8 design tips for non-designers

This one’s for all you marketers and social media execs, from solopreneurs to massive corporations, who are holding the fort of content creation for your business. While tools such as Canva and Adobe Express are great at making suggestions and providing editable templates, you can really up your game by applying some processes and principles used by professional designers. Here are our top 8 tips to improve your output:

Nick Steer

February 13, 2023

Consistency is key

Ask your marketing or creative team for your company brand guidelines so that you can begin to learn the do’s and don'ts of your company’s visual ID. If there aren’t any, then begin to create some rules for yourself so that you can repeat things like font size, alignment, and where and when you use colour. Remember, consistency is not the same as uniformity, so if you need to adjust the size of something to make the design work then go for it, but proceed with caution. Remember, you have to know the rules inside out before you can know how - and when - to break them.

Less is more

On social media you only have around 0.5 seconds to grab someone’s attention before they scroll on, so have one key message and keep it short and to the point. Make the language clear and the proposition enticing to create interest, then put the detail in the text of the post. If you’re not confident getting creative that’s fine, don’t cram dozens of words, calls to action, colours, shapes and images into a small space. When it comes to presentations, use more pages with less content on each page. Your audience will either be listening to you OR reading the slide - they can’t do both.

Embrace the space

Many non-designers see empty space in a design and have an overwhelming urge to fill it. Actually, white space is an effective tool to have in your arsenal. It helps to give your reader's eye clear direction, gives your information room to breathe and adds rhythm, and thirdly it avoids visual overload, which causes people to miss or skip over things. Think about how you have a conversation. There are pauses. You emphasise. You speak at a speed that means you can be understood clearly. So design like that.

You wouldn’t shout at someone at 100 miles per hour without stopping for breath, so don’t do it on a page.

Use a grid

Grids form a framework which helps you to organise, align and size the elements of your design with speed, accuracy and consistency. They help to bring balance and hierarchy to your design, and make them look cleaner, too.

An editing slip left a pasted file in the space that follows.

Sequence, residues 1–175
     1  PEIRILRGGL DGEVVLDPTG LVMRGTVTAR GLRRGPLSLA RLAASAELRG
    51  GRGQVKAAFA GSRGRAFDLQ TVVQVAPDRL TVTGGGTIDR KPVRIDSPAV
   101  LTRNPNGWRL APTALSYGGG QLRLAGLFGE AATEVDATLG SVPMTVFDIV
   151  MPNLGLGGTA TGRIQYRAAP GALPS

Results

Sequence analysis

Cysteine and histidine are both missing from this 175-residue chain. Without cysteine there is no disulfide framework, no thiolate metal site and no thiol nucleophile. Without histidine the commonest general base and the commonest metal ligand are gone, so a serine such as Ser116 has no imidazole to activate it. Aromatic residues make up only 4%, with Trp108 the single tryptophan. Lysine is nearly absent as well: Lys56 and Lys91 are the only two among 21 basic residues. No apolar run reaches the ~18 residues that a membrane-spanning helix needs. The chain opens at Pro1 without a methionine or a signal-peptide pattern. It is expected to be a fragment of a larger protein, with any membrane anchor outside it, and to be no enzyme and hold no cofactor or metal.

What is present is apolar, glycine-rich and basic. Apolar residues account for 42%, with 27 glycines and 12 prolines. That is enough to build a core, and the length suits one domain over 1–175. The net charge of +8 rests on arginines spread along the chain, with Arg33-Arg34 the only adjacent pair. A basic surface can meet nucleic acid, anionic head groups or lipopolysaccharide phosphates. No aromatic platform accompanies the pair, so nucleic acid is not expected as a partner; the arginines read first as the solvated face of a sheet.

Colour contrast

Beyond simply being able to clearly read the text on your design (see point 4 below), accessibility in design is more important than ever. Make sure you use clearly contrasting colours, or to keep things simple, just use a neutral colour and one brand colour. Although you’re not going to be penalised for poor accessibility in a static image, consider how the visually impaired or colour-blind might see - or not see - your design. There are loads of online tools for checking contrast, we like Colour Contrast because it’s really easy to use and it looks great too.

Readability & legibility

Yes, these are two separate things, and both are very important. Readability is how easy it is to read something, so, for example, avoid using big all-caps words, packed tightly together, because sentence and lowercase text give your eyes and brain cues to understand the letterform. Legibility is how well you can distinguish between letters in a word, so keep your message clear by not using over-styled typefaces, which can be hard to read at best, and indecipherable at worst.

Design principles

Always bear in mind that at its core graphic design is about visual communication, not the pursuit of art. Something that looks cool but doesn’t deliver information in a clear and easy way is not doing its job correctly. All good graphic design will adhere to and even play on these core principles:

  • Alignment - Lining things up neatly creates order, a visual connection between elements and a unified design.
  • Repetition - Repetition builds recognition. By repeating elements of your visual ID, such as a pattern or typeface, you foster familiarity and create associations between different executions.
  • Contrast - Create distinction and emphasis in your design by deliberately and obviously using contrast between colours, fonts, sizes, textures etc. (but don’t go mad - it’s effective when used sparingly)
  • Balance (Symmetry/Tension) - This is how to distribute the elements of your design to bring stability and structure.
  • Hierarchy - Simply put, hierarchy is the ordering of information and elements to create a sense of priority and order, so the reader understands where to start and where to go next. That’s why a headline goes at the top of a page and is bigger than the body copy, for example.

Your logo doesn’t need to be bigger

Really. Your logo is there to reinforce your brand and to act as an identifier, not to do the heavy lifting. Often by making it bigger you take focus away from more important information. In fact, if your audience is already inside your brand ecosystem - on a social media profile for example - and your designs are consistent, you probably don’t need a logo at all.

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